Returning our section to the Visigothic period, Capucine Nemo-Pekelman interrogates the figure of the Jew in Visigothic canonical law. She demonstrates how dialectical of an issue Jewish conversion and the place of Jews in Visigothic society were between clerics, some of whom, it otherwise has been shown, had direct impact on the writing of Visigothic ‘secular’ legislation, especially the LI. The unified voice found in the LI was the result of extensive debate. Exposing this helps us to understand the rhetorical dynamics of the LI editions and their later applications.
In “Divine Justice and Freedom: On Canon 57 of the Fourth Council of Toledo (633),” Capucine Nemo-Pekelman seeks to clarify the intentions of Canon 57 of IV Toledo concerning the prescribed forced baptism of Jews. To do so, she analyzes the canon’s language, particularly its concern with the acts of freedom and grace. She asks to what degree did ecclesiastical figures at IV Toledo attribute freedom and grace to the process of Jewish conversion; give preference to one or the other; and, what did their choice ultimately mean?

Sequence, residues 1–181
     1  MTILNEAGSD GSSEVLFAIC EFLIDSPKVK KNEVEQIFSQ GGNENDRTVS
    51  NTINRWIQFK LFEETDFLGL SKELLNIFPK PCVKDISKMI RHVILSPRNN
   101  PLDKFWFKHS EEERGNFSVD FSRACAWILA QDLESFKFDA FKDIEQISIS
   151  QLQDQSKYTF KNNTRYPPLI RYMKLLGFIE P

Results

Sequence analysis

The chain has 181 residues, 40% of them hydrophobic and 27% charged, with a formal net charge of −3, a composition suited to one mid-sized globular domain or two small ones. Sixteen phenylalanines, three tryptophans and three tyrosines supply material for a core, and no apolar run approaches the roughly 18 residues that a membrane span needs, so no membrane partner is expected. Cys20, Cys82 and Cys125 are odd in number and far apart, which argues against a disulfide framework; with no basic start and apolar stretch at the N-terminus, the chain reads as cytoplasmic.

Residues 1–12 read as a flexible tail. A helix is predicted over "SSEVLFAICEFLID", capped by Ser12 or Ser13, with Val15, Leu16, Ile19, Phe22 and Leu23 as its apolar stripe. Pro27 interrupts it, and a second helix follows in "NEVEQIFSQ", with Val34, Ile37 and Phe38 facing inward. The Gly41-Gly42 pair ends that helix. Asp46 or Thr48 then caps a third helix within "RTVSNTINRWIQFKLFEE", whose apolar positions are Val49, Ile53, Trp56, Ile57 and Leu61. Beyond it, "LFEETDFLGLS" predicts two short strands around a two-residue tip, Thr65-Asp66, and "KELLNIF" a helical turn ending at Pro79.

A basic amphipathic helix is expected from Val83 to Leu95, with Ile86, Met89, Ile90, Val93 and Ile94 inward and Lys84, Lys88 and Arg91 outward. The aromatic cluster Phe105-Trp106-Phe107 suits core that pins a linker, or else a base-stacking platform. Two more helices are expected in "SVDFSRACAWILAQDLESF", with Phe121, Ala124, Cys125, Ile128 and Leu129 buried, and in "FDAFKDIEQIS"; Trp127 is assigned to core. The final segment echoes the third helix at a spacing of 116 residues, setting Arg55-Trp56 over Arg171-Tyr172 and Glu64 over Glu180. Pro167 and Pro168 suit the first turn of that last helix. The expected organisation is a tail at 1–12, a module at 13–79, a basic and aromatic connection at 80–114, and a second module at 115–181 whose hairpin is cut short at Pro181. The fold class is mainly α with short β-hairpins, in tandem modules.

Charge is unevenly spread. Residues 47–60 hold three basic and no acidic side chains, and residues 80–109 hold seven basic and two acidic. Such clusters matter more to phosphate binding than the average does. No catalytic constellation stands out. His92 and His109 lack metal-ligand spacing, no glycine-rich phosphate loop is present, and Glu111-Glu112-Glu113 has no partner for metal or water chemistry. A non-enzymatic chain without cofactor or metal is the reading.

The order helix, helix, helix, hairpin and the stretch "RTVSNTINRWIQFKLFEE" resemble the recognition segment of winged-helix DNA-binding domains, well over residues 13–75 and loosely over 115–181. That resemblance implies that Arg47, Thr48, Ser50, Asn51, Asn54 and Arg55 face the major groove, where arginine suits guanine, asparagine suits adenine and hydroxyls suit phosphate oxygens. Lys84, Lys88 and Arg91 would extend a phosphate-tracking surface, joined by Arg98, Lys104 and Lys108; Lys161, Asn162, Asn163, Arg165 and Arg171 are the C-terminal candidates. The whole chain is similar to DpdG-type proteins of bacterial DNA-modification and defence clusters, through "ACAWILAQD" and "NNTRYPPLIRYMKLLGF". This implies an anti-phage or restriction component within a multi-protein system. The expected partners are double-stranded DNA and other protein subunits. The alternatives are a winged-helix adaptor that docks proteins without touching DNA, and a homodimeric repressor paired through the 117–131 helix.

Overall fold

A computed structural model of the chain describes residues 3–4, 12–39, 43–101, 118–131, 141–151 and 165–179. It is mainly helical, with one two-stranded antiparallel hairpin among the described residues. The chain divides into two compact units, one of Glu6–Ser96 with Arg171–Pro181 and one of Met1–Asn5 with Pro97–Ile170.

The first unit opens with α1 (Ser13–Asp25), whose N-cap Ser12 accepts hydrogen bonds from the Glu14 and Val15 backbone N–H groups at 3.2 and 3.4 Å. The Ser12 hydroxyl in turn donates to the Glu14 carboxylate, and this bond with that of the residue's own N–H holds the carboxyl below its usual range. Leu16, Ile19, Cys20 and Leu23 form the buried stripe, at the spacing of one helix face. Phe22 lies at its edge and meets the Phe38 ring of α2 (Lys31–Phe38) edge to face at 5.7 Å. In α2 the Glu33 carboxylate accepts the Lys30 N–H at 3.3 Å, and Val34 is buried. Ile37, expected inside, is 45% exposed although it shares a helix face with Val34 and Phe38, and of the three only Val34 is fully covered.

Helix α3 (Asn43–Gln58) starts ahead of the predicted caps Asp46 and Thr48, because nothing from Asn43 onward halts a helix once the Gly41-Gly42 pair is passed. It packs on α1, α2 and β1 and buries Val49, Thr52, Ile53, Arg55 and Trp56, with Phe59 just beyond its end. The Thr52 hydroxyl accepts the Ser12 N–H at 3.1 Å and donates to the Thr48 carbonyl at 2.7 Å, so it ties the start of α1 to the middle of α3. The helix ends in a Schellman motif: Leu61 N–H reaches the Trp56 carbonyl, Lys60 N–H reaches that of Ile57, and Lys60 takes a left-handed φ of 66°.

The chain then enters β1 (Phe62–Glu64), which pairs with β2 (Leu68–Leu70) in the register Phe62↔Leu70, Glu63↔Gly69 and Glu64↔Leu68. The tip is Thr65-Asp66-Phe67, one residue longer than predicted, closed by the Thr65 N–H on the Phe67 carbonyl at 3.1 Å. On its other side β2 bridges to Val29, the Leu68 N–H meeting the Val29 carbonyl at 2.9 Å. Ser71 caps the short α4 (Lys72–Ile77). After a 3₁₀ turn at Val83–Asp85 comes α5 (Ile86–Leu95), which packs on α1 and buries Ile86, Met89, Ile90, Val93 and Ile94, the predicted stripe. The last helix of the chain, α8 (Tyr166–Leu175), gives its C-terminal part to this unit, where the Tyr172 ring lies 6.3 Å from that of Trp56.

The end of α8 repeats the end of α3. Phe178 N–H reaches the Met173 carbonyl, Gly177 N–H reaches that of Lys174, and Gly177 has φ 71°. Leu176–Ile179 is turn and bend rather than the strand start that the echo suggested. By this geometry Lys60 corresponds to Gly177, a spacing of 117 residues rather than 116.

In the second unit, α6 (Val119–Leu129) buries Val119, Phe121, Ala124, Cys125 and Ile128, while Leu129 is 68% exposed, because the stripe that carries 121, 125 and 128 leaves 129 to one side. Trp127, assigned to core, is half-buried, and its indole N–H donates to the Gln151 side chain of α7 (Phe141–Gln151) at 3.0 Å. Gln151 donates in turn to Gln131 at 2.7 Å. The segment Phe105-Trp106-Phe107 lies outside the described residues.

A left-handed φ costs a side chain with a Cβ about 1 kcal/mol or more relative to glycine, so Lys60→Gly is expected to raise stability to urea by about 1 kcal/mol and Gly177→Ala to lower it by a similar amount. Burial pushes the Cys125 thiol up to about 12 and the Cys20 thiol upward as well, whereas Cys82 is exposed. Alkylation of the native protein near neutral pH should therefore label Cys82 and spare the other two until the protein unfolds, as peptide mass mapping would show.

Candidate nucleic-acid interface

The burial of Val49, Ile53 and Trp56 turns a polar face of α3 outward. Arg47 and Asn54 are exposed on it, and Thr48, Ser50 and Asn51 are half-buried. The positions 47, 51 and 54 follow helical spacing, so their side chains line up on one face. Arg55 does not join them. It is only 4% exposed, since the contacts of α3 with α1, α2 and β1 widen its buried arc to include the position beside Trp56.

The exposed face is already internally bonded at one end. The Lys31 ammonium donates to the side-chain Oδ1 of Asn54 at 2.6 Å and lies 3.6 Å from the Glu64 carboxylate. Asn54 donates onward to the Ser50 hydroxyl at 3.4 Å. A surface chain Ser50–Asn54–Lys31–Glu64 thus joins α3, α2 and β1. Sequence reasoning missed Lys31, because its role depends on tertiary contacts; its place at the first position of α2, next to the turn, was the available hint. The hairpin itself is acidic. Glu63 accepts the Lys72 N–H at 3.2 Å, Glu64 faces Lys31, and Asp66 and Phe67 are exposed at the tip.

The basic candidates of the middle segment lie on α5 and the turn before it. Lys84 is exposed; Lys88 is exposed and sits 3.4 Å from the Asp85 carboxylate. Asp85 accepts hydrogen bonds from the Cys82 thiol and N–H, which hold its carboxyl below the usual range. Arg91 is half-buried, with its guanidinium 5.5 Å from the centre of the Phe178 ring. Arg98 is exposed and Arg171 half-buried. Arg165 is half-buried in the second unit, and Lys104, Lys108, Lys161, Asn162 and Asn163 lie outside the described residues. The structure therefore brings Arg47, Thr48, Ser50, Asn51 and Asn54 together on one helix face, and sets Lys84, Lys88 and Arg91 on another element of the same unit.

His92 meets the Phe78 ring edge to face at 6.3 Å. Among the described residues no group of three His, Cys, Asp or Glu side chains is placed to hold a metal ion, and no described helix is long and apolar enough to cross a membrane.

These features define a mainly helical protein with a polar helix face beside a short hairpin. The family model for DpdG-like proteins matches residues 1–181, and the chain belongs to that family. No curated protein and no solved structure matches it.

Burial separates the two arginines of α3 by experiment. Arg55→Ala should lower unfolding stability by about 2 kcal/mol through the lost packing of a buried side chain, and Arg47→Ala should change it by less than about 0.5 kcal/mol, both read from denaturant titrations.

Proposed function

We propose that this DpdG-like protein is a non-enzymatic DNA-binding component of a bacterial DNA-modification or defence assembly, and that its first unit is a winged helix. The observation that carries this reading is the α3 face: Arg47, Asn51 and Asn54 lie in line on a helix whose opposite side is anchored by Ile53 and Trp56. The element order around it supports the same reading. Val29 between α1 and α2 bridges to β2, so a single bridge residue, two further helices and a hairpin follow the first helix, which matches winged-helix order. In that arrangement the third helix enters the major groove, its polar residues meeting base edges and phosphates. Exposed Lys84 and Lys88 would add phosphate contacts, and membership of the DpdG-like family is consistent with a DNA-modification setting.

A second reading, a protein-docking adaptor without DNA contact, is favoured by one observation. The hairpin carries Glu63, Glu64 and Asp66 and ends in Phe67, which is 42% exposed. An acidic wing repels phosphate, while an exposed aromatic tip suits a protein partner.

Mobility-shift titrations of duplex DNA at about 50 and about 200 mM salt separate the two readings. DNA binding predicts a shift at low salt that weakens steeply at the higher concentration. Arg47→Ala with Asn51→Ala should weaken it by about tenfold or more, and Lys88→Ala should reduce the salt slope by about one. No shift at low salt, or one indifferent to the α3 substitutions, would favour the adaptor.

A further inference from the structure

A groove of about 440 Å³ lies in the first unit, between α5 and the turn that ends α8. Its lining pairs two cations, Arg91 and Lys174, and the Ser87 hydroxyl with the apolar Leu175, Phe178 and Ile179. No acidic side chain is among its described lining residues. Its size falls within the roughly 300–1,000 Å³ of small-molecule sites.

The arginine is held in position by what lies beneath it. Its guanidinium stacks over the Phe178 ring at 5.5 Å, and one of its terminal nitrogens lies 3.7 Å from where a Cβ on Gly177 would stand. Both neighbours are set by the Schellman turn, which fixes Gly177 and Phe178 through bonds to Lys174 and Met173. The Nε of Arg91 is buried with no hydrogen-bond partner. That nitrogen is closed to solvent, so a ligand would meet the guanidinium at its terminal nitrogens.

Since IV Toledo was presided over and its canons likely written by Isidore, Nemo-Pekelman analyzes the progression of his thought on conversion and his reaction to Sisebut’s order forcing Jews to convert, which comes to fruition with Canon 57. Nemo-Pekelman correctly sees the seeds of Canon 57 in Isidore’s earlier work from the 610s. Shortly after Sisebut’s order and in the middle of his reign, Isidore began formulating a response to the attempted forced conversions, with which he disagreed on theological grounds. Isidore’s position progresses from reluctant affirmation of the order to condemnation in Canon 57 in 633.
In the first redaction of his De Origine Gothorum (ch. 60) around 619, then preserved in the second around 625, Isidore criticizes the un-wise use of force in conversion. For Isidore, conversion could not be accomplished by a single event, it was a life-long process that is never completed in life. As such, no forced conversion could be successful, a point made clear in Canon 57, which states that nobody comes to true faith by force.
By a corresponding timeframe of texts, Isidore affirms Sisebut’s actions, saying basically that ‘hey, sometimes good things happen by the accident of a fool’ (p. 156). This is confirmed in a canon preserved in a collection of excerpts now at the end of VIII Toledo (at which Recceswinth’s LI was affirmed), but which, it is maintained, derives from the mysterious Third Council of Seville held about 624. Nemo-Pekelman notes that this canon may derive from II Seville in 619. If so, in real time, Isidore’s support in canonical literature was matched almost contemporaneously by criticism in other texts. In any case, Isidore excluded “canon 10” of III Seville from [the canonical collection known as] the Hispana when he compiled it (directed its compilation) in the 630s, around the time of Canon 57. This supports the idea that the latter’s critique of forced conversion is Isidore’s ultimate opinion.